Re-blog: Review of the Subversive Stitch SSR FINAL_Page_1 Full view

Re-blog: Review of the Subversive Stitch

In honour of the Subversive Stitch Revisited conference at the V&A Museum later this month, we bring you again this very popular review by Kate Rolison, Significant Seams volunteer, embroidery artist, and student at the Royal School of Needlework. The book is now part of the Stitch & Craft Library.

The Subversive Stitch: Embroidery and the Making of the Feminine by Rozsika Parker

It isn’t often that a book changes your life, much less so a book which isn’t a novel or a self-help guide!

The Subversive Stitch, however, genuinely did change mine. This seemingly dry anthropological study of the history of women embroidering helped me place myself in context as a contemporary needlework artist.

The Subversive Stitch: Embroidery and the Making of the Feminine

I already knew that I came from a long lineage of women who stitched, and indeed I learned to embroider from both my grandmothers. Sharing this craft and skill with them was an important bonding experience during my transition from childhood to womanhood.

However, as a feminist it was sometimes difficult to align myself with a craft which over the course of its history has arguably been used to subdue women, keeping them docile and obedient.

Rozsika Parker doesn’t shy away from exploring this side of embroidery’s history, drawing on the writing of proto-feminists such as Mary Woollstonecraft and Mary Lamb, who were vehement detractors of the craft.

However, even as early as the 17th Century women were subverting the medium in samplers which proclaimed their freedom, individuality, and refusal to bow to the status quo. Learning this from The Subversive Stitch really appealed to me as a writer and conceptual artist who employs embroidery as a means of self-expression (and sometimes dissent).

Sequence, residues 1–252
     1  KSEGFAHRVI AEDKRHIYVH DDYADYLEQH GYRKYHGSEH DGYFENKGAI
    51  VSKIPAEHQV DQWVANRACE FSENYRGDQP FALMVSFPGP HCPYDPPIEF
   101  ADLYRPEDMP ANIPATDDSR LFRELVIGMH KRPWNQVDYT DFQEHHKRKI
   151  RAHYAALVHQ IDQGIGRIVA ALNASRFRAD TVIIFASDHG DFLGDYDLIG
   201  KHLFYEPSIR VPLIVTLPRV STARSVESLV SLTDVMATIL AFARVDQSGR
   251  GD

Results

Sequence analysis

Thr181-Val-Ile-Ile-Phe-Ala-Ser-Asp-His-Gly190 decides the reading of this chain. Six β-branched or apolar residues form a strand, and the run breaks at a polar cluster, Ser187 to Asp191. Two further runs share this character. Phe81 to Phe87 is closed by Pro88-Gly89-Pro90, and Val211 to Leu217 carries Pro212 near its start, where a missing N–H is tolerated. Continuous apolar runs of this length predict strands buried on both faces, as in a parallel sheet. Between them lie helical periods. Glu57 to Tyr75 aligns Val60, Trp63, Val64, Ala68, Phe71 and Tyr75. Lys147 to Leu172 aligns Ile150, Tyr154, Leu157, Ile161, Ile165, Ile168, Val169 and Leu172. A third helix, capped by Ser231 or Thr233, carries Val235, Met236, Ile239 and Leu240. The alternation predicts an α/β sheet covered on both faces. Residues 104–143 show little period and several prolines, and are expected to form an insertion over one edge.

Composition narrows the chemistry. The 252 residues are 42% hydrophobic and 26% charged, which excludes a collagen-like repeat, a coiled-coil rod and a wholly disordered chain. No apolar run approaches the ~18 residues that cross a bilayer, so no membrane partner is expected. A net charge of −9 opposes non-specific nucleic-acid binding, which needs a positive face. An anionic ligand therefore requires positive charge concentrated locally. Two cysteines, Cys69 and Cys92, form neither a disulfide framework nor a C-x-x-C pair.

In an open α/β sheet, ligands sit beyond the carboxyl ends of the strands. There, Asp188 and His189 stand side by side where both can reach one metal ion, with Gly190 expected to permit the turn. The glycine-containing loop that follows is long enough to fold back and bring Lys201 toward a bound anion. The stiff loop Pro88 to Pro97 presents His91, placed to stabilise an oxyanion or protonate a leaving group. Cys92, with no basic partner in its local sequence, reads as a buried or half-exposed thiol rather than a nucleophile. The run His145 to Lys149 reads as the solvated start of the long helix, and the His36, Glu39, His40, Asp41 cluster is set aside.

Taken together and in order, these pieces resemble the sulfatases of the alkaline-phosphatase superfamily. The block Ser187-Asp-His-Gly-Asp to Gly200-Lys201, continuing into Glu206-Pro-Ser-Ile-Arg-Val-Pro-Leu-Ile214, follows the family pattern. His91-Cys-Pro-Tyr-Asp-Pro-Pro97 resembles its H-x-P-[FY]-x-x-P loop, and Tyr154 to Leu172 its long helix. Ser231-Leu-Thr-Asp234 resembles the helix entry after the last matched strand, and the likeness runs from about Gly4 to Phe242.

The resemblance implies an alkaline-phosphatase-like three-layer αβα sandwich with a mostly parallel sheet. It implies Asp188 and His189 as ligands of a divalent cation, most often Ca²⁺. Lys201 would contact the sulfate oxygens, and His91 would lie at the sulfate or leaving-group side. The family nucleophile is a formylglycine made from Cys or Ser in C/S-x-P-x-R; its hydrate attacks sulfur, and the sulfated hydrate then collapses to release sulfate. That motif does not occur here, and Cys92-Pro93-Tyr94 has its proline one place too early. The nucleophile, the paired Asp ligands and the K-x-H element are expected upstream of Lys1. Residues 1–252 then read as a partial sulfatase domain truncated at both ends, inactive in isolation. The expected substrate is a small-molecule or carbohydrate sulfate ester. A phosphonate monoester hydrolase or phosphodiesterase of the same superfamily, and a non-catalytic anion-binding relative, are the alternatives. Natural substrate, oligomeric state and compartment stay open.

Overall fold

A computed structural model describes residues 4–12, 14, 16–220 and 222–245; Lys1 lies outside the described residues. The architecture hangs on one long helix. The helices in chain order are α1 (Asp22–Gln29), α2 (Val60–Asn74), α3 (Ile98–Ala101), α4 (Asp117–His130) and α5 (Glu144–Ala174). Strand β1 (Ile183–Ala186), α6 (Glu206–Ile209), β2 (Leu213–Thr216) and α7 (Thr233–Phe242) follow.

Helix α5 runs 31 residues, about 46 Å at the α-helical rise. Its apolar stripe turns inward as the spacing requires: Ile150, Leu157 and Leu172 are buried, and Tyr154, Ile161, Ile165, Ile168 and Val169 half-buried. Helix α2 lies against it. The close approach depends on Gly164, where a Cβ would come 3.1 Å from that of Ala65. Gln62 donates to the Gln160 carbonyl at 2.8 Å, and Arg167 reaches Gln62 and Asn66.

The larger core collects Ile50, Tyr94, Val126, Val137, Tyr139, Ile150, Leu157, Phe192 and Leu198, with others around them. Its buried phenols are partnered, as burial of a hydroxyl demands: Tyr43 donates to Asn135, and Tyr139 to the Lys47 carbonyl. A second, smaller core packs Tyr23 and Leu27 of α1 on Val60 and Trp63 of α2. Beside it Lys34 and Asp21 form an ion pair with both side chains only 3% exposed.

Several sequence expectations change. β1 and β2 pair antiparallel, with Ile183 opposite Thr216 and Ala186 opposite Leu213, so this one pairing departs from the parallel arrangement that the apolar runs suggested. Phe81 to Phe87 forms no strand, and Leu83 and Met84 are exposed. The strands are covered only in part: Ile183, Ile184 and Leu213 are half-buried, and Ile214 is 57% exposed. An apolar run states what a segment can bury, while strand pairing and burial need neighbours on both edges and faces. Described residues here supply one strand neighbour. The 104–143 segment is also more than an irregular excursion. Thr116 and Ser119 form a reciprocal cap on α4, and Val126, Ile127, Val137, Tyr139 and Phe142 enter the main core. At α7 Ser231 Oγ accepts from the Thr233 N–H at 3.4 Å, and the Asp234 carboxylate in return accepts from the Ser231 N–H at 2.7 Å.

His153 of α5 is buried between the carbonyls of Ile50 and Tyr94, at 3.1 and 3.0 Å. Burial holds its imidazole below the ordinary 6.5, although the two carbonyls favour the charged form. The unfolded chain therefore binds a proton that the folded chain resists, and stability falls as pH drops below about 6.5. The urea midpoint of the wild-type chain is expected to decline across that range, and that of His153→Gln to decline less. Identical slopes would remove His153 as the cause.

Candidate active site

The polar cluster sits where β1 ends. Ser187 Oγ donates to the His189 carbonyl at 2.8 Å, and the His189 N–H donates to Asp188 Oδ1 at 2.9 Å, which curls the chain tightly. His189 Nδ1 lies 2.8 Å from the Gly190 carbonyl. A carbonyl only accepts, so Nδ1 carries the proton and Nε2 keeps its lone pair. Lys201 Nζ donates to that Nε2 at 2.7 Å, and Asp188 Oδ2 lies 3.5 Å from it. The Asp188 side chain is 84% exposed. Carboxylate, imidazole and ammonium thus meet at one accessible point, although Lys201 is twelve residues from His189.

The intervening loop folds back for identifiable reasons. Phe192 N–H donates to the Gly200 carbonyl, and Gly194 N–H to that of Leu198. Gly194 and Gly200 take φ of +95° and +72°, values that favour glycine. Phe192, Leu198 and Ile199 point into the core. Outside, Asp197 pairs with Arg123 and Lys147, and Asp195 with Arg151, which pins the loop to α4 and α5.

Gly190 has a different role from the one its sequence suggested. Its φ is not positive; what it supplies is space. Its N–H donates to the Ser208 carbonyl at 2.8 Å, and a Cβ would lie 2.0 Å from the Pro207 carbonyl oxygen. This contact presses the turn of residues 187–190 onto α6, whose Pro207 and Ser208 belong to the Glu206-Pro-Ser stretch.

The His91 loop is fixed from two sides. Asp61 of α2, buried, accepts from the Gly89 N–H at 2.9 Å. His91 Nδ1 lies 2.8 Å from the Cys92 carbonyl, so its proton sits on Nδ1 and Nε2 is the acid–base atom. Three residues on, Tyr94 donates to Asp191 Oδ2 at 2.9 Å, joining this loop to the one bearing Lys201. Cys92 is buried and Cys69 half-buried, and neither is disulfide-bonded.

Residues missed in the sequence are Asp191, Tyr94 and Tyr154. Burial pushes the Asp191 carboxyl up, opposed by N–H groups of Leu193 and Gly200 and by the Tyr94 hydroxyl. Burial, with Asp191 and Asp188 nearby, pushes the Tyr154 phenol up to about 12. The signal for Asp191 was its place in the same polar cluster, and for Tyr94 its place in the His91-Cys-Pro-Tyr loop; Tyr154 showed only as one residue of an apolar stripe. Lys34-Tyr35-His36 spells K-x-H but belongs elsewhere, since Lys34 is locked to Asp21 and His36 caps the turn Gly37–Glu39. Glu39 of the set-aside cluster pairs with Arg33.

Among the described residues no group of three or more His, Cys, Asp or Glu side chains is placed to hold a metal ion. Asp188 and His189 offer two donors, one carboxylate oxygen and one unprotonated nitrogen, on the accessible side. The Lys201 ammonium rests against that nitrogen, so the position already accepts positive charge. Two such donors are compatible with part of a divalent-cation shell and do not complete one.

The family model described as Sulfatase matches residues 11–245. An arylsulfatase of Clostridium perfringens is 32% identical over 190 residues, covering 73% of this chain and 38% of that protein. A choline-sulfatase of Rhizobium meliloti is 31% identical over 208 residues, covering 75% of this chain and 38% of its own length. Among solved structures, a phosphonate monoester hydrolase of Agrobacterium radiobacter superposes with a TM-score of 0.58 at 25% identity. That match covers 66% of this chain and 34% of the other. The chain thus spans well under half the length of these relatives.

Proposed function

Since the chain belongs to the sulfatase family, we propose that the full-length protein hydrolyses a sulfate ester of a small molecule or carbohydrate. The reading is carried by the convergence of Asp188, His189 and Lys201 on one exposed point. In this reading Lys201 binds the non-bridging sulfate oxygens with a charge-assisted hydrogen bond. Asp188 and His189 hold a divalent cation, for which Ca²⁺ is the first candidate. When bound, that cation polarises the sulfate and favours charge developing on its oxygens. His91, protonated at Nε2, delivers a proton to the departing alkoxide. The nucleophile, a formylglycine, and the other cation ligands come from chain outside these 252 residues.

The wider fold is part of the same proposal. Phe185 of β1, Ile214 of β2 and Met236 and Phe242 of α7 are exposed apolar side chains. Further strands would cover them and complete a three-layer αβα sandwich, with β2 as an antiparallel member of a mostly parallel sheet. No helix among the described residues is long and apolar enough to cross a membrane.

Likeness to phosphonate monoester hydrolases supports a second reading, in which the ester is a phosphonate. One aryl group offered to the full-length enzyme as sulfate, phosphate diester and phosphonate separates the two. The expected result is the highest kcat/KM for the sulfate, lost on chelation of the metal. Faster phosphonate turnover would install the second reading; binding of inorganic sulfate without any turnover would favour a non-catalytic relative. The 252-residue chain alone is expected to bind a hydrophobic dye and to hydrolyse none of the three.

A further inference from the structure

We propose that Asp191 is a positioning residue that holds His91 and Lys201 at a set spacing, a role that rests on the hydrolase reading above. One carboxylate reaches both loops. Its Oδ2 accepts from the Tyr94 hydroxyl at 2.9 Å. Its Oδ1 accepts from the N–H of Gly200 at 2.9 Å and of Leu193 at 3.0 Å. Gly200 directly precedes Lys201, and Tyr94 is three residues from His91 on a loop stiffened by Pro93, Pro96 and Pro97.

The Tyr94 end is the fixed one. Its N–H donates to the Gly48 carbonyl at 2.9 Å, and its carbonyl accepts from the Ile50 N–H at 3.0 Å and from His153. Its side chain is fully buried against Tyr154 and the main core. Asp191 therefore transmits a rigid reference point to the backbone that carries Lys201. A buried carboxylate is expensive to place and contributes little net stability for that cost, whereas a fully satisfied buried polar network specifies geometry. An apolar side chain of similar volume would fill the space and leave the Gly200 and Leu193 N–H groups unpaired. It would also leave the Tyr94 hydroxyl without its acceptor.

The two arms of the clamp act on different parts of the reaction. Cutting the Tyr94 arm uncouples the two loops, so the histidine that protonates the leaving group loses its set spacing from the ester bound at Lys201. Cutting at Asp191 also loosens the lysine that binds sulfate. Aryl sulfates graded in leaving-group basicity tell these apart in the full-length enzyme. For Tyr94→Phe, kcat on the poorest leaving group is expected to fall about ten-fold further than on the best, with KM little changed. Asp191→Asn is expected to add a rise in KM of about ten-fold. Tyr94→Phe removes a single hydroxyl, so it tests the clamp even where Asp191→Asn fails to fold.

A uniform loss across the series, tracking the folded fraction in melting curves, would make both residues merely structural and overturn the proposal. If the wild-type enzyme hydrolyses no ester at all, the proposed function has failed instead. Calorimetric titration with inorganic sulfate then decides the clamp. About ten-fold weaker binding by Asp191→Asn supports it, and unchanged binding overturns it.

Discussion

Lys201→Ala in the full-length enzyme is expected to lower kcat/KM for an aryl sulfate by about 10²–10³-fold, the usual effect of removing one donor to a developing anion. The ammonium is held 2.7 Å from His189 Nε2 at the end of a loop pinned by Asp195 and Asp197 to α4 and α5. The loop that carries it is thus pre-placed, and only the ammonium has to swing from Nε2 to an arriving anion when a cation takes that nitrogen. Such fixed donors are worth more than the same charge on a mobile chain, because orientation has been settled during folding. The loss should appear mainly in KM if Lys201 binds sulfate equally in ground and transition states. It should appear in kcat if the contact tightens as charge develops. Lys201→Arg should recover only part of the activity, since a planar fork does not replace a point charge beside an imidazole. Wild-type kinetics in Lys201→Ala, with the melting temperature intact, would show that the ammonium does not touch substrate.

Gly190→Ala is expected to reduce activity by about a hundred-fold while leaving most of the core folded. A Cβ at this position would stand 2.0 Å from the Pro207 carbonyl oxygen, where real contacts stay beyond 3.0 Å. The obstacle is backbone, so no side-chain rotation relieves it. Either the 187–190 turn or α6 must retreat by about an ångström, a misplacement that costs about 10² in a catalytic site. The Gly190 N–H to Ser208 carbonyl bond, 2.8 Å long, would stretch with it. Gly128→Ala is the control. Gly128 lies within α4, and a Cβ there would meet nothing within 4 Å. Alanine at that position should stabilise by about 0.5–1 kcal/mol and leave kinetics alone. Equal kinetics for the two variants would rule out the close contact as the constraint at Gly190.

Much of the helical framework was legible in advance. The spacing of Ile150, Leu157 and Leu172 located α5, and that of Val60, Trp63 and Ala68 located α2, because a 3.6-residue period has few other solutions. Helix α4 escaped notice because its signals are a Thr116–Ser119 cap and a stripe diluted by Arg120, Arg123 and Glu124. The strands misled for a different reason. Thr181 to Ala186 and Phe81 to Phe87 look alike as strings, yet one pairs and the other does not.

With the rise of the feminist art movement, embroidery really came into its own and became truly subversive, and with the birth of craftivism embroidery has arguably become a surprisingly powerful political tool, as the Significant Seams team learnt when we embarked on the GROW and I’m a Piece projects with Oxfam and the Craftivist Collective. (Ed. note: Our current craftivism project involves The Big Issue–click here to see how you can participate.) However, this is another lineage, which has its roots in the embroidered banners used in the suffrage movement.

Embroidery and related crafts are rather in vogue at the moment; there’s something of a cupcake and cross stitch revival. The Subversive Stitch introduces us to some slightly more surprising uses of embroidery, and sites such as “Mr X Stitch” demonstrate the vast variety of ways, subversive and otherwise, in which the medium may be employed. When I pick up the needle to sew I am now comfortable knowing I am part of a rich and complicated history, which doesn’t exclude my feminism or femininity, and I would hope this comes out in my work. And that is largely thanks to Rozsika Parker’s illuminating and brilliant book.

Kate Rolison is a Significant Seams volunteer and embroidery artist. She blogs over at


The Stitch & Craft Library is a central resource of hundreds of books and patterns that connect the East London crafting community, and is sponsored by Waterstones Walthamstow, and supported by Chapel End and Wood Street Ward Forums.

Members of E17 Designers, students at Waltham Forest College Fashion department, and residents of Chapel End, Hoe Street and Wood Street Wards who are on ESA, job seekers allowance or in receipt of housing benefit are eligible for free membership. Members of the Stitch and Craft Library receive 10% off books not already discounted from WaterstonesWalthamstow when they show their membership card.



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